March Gardening Tips

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  • Avoid the urge to fertilize your warm-season lawns. Fertilize in the summer when they are actively growing. Fertilizing lawns too early can cause cold damage from late spring frosts and make lawns more disease prone.
  • When dogwoods are in full bloom, apply pre-emergence herbicides to your lawn to control crabgrass. Crabgrass preventer is a pre-emergence herbicide to help stop crabgrass as it emerges. Remember to read and follow all label directions when handling pesticides.
  • Herbicides are not very effective on large winter weeds that already started blooming and seeding. Mow these weeds and bag the clippings to reduce next year’s weed population.
  • Bermuda, centipede, and zoysia lawns can be seeded from mid-March through June.

Trees, Shrubs and Flowers

  • Divide hostas, daylilies, phlox, peonies, and other perennials that are too large and become too crowded can be dug and split now so flowering this summer is not disturbed.
  • If needed, March is the time to fertilize your trees, shrubs and perennials in the landscape. Apply slow release fertilizer around the drip line of trees and shrubs and in areas with perennials.
  • March is the time to cut back overgrown shrubs that need severe pruning. Cut plants back to 1-2’ about ground level. Most deciduous shrubs and broadleaf evergreens respond well to this type of pruning but never cut back conifers this far.
  • Cut back ornamental grasses, as new shoots are visible.
  • Snip off the spent blooms of spring-flowering bulbs to prevent seedpods from forming. To have bulbs be showy next year, control the urge to cut off yellow leaves but instead allow leaves to mature and die down naturally before removing. This allows the leaves to store up nutrients into the bulb for next year’s flowering.
  • An alternative for large, overgrown shrubs is to remove their lower branches and shape them into small multi-stemmed trees. Camellias, privet, and tea olive are particularly lovely pruned this way.

Fruit, Vegetables and Herbs

  • Set out young broccoli, cabbage, swiss chard, kale and bok choy plants in early March.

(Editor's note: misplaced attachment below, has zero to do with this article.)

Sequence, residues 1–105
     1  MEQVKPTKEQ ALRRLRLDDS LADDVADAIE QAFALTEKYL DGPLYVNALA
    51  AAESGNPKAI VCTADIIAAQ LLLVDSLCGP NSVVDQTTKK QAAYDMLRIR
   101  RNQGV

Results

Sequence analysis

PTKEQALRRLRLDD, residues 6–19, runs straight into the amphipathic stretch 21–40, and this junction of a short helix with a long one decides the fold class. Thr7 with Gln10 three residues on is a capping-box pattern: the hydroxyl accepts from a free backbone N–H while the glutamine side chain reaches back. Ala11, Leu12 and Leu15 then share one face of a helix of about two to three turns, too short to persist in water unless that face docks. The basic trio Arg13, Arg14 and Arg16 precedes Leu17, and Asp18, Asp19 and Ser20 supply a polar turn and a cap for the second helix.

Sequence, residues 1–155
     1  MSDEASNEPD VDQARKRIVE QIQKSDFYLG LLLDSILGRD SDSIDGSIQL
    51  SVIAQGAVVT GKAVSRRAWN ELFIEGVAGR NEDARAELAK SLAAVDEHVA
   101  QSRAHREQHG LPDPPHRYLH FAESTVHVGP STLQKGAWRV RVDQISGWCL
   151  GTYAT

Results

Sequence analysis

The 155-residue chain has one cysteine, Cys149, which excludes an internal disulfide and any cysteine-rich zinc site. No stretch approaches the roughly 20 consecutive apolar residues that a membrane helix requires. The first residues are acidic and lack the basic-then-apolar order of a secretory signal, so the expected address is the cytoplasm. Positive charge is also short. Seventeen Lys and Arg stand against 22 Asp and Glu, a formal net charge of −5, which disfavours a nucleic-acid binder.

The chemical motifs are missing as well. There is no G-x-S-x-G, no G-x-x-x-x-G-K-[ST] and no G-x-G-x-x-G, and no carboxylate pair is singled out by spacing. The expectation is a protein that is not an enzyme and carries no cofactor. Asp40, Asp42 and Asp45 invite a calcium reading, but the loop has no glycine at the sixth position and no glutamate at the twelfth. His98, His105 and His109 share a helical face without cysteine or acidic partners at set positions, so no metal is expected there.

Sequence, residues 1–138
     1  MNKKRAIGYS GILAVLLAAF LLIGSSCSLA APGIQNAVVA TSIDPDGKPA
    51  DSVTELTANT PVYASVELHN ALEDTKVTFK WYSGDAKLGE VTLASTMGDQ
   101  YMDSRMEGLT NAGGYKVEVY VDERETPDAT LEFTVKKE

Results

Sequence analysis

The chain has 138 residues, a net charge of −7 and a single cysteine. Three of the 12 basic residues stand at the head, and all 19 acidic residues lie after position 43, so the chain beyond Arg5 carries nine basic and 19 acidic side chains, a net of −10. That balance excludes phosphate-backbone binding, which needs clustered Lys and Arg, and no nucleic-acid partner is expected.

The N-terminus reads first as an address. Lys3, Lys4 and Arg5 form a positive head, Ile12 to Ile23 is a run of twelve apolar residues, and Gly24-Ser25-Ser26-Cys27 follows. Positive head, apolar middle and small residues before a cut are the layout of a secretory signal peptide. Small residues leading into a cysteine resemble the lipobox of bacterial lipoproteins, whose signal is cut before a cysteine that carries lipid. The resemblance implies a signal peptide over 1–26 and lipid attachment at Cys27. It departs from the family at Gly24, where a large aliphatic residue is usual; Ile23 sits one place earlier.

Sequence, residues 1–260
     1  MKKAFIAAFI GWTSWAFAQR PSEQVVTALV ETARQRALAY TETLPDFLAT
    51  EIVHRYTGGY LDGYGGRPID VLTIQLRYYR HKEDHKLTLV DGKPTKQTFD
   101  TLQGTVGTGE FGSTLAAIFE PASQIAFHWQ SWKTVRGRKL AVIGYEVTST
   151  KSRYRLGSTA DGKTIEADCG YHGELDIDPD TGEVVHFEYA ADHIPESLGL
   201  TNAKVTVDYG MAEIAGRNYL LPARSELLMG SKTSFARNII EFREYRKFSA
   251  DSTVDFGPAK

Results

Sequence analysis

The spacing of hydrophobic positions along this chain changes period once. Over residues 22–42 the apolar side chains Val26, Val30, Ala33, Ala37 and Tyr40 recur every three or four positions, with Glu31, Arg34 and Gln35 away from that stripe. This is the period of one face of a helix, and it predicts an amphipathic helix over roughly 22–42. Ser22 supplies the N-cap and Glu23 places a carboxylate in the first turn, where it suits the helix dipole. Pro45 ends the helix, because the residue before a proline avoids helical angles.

Swiss Chard in Raised Beds

Set out cool season vegetable transplants, such as Swiss chard, in March to enjoy harvest later in the spring.

  • Don’t plant summer vegetables too early. Warm season vegetables, such as tomatoes and peppers, cannot tolerate a late spring frost. Warm season vegetables should be planted after the chance of frost has passed, around mid-April.
  • Asparagus beds can be fertilized in early March before spear growth begins.
  • March is the time to fertilize fruit trees, blueberries, and muscadines. Fertilize blueberries carefully because they can easily be damaged by too much fertilizer.
  • Continue sowing radish and greens like lettuce and arugula every few weeks for a steady supply of salad ingredients.
  • Start cucumbers, squash, zucchini, and melons indoors to set out in mid-April.
  • Perennial herbs like oregano, chives, rosemary, thyme and marjoram can be planted anytime of the year.
  • Sow parsley, cilantro, and dill outdoors.
  • Before purchasing and planting fruiting plants, find out which varieties are recommended for our area. Not all varieties work well in our climate.
  • Apples and peaches require regular spraying for reliable production. Start a spray program as soon as the petals fall from the flowers. Spray every 10 to 14 days with a home fruit tree spray.

Jessica Strickland is an Agriculture Extension Agent, specializing in horticulture for North Carolina Cooperative Extension in Wayne County.

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